Researchers found the fossilized bones of what they think are dinosaurs during a July 2016 expedition that included paleontologists from the University of Alaska Fairbanks and the National Park Service, according to an online announcement that was made Tuesday.
“This marks the beginning of a multiyear project to locate, document and study dinosaur fossils in Denali National Park,” Pat Druckenmiller, the leader of the collaborative dinosaur project and a curator of earth sciences at the University of Alaska Museum of the North, said in a statement.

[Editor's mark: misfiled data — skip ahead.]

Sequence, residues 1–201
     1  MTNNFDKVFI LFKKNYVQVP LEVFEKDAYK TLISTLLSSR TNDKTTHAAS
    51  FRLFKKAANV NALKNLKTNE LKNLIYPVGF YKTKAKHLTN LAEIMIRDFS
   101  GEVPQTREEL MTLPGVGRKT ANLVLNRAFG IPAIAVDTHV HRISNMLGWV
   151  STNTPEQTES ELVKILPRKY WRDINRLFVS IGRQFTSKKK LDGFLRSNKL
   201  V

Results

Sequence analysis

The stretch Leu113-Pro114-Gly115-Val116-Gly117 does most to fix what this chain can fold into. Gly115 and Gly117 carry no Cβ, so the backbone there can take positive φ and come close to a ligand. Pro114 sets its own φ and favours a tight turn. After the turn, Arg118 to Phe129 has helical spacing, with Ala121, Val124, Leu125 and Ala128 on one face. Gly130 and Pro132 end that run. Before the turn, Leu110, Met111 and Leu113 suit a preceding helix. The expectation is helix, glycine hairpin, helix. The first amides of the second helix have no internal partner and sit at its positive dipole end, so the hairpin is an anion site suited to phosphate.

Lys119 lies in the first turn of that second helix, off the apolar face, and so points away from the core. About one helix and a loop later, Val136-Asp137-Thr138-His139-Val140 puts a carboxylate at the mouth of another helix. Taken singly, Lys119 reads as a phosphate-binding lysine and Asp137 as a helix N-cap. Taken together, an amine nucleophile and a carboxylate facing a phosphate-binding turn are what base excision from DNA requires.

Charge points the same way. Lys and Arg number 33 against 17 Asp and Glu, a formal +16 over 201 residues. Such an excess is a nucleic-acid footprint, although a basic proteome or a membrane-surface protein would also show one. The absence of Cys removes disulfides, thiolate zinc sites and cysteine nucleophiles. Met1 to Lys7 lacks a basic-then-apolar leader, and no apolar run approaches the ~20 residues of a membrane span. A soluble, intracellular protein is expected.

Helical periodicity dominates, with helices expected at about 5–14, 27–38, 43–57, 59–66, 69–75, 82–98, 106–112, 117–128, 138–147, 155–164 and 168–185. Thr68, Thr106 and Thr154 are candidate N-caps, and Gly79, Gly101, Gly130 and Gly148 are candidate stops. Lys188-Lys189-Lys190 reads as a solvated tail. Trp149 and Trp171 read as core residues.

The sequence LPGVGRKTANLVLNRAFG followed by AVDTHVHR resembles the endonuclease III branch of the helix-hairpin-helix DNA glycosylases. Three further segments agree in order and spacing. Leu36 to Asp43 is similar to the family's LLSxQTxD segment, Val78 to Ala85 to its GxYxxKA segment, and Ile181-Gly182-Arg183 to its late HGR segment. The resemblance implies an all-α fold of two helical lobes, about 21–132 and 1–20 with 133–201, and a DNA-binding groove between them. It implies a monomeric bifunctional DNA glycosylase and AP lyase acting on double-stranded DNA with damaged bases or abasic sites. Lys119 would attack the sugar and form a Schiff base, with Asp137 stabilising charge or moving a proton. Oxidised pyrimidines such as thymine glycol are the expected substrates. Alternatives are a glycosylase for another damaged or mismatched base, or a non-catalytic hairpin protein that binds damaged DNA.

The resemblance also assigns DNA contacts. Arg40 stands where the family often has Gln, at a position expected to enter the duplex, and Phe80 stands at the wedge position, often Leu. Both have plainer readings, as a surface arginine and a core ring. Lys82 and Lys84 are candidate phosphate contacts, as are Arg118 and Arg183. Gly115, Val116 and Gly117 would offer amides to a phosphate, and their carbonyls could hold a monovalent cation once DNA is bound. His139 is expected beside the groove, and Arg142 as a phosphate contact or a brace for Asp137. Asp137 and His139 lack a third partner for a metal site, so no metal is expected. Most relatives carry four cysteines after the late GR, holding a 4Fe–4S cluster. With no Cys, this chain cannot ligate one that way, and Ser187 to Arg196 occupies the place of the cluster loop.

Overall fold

In 2005, UAF students found Denali’s first known dinosaur trackway in the Cantwell Formation near Igloo Creek.
Paleontologists have discovered thousands of dinosaur tracks since then, including those of hadrosaurs, also known as duck-billed dinosaurs, but they had yet to find any dinosaur bones, the researchers said.
Other dinosaur trackways that have been found in Denali National Park over the years belong to ceratopsians, therizinosaurs and flying reptiles known as pterosaurs, Erickson said.
No dinosaur bones had ever been found in the park, until now.